Al Qaeda's most diabolical bomb maker, who has targeted the American homeland at least four times, has trained other terrorists who are now being hunted down, the top U.S. aviation security official said today.
Transportation Security Administrator John Pistole told ABC News during a discussion at a counterterrorism conference that accused Saudi terrorist Ibrahim al-Asiri had shared his expertise at building almost undetectable bombs with a number of al Qaeda operatives.
"There is intel that he has unfortunately trained others," Pistole said at the annual Aspen Security Forum.
Asiri, 31, created two versions of an improvised explosive device hidden in men's underwear, with which the Yemen-based al Qaeda affiliate al Qaeda in the Arabian Peninsula (AQAP) almost succeeded in blowing up a passenger jet over Detroit on Christmas Day 2009. A "new and improved" version was obtained by spy agencies last year.
Pistole said that "there is a lot of effort to identify" those to whom Asiri has taught his terror tradecraft, particularly after similar liquid explosives bombs were discovered aboard U.S.-bound cargo jets in 2010.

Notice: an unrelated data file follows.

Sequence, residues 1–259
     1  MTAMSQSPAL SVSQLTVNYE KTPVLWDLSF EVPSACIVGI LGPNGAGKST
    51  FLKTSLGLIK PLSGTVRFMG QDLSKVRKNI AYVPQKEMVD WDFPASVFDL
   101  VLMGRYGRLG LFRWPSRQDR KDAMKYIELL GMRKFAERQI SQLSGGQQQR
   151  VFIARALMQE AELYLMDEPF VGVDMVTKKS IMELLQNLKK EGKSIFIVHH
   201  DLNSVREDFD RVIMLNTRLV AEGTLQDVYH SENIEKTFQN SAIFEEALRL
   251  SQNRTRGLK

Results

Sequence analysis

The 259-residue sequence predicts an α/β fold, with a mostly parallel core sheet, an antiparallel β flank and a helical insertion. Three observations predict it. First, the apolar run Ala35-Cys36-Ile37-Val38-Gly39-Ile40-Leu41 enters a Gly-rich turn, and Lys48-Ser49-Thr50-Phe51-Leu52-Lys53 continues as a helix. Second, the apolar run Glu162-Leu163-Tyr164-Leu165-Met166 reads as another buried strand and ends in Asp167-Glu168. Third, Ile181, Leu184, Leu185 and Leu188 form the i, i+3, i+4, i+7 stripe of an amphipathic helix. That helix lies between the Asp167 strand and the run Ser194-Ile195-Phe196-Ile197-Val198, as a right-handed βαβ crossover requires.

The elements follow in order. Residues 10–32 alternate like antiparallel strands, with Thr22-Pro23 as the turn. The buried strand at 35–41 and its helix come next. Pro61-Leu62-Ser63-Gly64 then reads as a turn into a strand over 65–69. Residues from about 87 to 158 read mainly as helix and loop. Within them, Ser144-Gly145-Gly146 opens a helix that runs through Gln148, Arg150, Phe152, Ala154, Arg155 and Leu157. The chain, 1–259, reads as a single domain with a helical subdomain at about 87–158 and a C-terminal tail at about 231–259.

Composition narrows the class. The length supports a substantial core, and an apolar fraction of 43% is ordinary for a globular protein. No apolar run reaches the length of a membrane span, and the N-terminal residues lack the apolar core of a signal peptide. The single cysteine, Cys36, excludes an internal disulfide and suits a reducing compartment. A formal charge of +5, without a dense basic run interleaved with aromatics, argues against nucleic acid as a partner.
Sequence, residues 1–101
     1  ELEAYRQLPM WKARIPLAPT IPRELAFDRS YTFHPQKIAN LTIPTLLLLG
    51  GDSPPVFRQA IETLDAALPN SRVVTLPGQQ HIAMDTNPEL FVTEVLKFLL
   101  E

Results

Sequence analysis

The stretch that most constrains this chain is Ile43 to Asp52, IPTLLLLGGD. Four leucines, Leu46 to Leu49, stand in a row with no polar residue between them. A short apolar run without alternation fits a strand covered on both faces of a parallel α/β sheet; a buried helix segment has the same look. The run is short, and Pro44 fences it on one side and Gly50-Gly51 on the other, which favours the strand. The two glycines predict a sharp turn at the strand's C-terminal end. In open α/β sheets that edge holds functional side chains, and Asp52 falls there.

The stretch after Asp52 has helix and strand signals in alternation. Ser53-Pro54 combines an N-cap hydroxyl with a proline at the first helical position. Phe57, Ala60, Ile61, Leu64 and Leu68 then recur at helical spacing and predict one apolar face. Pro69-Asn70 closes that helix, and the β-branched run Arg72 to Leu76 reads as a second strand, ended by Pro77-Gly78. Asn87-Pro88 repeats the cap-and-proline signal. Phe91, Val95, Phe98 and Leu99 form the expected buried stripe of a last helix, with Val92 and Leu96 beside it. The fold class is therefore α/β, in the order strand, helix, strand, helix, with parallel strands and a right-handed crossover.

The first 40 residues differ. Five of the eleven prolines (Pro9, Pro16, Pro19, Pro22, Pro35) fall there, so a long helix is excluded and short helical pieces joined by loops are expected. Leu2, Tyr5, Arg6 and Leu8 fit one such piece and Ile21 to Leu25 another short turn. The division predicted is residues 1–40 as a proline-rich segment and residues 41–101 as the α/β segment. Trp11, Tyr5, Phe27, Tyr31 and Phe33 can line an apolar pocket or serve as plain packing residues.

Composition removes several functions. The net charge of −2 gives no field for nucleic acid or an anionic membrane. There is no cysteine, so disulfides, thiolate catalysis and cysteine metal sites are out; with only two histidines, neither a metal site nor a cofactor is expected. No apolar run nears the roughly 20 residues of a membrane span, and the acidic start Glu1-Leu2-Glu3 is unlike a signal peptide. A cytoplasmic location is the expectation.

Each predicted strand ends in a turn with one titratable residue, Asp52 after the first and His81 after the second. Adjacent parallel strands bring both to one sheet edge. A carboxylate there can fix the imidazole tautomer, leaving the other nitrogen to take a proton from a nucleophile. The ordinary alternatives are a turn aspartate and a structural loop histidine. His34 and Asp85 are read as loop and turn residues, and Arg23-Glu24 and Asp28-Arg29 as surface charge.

However, "talent is not always transferable," a U.S. counterterrorism official told ABC News recently, meaning that Asiri's skills as a bomb innovator are considered unique.
Pistole also for the first time detailed the sophisticated "Underwear Bomb II," which a double-agent stole from AQAP in 2012 after the group dispatched him as a suicide bomber aboard an aircraft. ABC News obtained a Department of Homeland Security illustration of the newer bomb. Pistole called the U.S. ally-led operation an "intelligence coup," because it enabled western counterterrorism services to thwart a serious threat from a bomb almost impossible to detect by magnetometers and advanced imaging machines at airports.
"It was a new type of explosive we had never seen," which used two redundant initiators filled with liquid explosives to detonate a larger liquid explosive charge in men's briefs, Pistole said.
"He encased this explosive in caulk -- kitchen caulk," he explained, to conceal the scent of he explosives and "evade bomb sniffing dogs."
It "possibly" could have been detected by TSA, but that would be less likely in overseas airports, where security screening isn't always as precise as it is inside the U.S., Pistole added.